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Subject:  Re: A Key To Early Retirement Date:  7/18/2002  11:14 PM
Author:  peteyperson Number:  70755 of 875664

On this side of the pond, you have to have paid off any mortgage by age 65 and you are legally not allowed to work beyond that age. You would not be able to borrow for a 30 year mortgage at age 60 and the only kind of work you could easily do would be something part time and minor for a few extra coins in yer pocket.

At 40 I hear people start to say that it's hard to change jobs. At 50 over here it's almost that you are passed it at that age and many people at that age would not try to change jobs for fear of long term unemployment. I'm unclear how much of this is a fear and what is a reality, but I have met a good many 40-50 who have expressed concern at a relatively young age. Of course paradoxically, the high consumption lifestyle one of image over substance, debt living over debt free living is in full effect in London where a tiny apartment in the suburbs costs $280k.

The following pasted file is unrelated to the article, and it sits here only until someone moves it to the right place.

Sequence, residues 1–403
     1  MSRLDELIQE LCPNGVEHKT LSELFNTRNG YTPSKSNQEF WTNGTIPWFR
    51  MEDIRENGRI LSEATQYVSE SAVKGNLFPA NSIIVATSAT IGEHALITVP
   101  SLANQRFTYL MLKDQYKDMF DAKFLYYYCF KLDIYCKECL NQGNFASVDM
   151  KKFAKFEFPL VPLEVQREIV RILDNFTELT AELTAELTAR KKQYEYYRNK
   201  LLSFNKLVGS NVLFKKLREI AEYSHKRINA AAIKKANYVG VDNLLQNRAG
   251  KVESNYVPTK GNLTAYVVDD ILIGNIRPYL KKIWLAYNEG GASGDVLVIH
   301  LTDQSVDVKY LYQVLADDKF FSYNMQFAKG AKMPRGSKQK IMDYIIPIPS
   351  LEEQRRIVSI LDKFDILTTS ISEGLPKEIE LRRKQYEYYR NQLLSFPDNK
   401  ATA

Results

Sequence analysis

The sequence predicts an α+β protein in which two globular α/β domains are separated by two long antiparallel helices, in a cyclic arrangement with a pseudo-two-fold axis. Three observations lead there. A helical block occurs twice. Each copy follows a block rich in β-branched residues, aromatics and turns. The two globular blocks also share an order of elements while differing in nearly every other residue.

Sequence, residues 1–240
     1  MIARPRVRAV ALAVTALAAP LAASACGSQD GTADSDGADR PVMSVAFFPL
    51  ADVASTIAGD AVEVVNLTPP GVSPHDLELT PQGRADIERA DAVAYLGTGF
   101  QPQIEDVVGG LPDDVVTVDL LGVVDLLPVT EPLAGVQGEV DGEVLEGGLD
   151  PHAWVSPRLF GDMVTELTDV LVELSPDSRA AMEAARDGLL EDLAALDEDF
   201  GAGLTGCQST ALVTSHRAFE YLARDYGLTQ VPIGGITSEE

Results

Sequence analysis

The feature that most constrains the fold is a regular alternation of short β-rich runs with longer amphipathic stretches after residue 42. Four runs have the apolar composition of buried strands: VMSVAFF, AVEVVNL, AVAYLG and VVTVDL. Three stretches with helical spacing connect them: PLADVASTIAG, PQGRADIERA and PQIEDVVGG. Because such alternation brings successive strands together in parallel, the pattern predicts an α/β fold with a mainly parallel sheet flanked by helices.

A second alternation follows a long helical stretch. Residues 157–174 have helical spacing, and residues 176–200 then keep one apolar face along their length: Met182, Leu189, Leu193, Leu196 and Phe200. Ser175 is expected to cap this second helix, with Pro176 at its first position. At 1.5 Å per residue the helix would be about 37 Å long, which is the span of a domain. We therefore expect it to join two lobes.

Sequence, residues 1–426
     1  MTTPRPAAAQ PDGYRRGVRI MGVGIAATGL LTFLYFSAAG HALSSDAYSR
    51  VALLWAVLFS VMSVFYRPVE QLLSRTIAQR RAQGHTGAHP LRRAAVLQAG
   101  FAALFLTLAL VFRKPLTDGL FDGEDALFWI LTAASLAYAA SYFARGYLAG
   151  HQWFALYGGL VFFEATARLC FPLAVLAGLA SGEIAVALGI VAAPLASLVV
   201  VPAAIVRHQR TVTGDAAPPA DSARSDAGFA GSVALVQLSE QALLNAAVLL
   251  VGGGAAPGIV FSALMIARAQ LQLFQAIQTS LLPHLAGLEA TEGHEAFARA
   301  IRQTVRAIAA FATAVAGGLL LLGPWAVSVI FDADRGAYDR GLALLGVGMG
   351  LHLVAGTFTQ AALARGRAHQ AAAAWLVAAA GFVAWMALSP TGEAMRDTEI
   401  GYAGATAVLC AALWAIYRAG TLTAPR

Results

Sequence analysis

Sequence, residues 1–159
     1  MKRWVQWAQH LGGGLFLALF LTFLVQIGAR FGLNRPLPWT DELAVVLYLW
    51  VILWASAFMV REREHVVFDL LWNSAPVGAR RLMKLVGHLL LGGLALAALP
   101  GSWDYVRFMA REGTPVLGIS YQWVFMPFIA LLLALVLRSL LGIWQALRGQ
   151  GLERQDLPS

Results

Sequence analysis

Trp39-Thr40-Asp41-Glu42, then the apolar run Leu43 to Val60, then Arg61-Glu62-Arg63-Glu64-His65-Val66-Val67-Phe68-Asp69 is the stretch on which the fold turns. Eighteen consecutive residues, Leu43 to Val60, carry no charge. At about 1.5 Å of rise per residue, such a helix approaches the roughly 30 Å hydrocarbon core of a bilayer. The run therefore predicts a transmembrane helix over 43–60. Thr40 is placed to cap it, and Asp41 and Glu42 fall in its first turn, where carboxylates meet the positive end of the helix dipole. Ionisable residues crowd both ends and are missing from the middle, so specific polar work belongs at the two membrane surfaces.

We're a two income household economy which for single income singles is a nightmare to navigate, from the property mortgage multiples you need to find to the cost of shopping for one in an expensive city. A recent personal finance book I saw on was entitled ' Miserly Moms : Living on One Income in a Two-Income Economy ' which I thought was most apt!


Don't give up on the power of fashion to influence when people retire just as it influences how much house they buy and how often they buy new cars. What makes you think people will decide not to retire just because they can't afford it by some objective measure?

I have one good friend who bought a house a couple of years ago on a thirty year mortgage that he could only afford by working. Then he retired a year ago at age 62. He knows that he can't maintain this high cost lifestyle for more than a few years, but he's doing it anyway.

Seattle Pioneer

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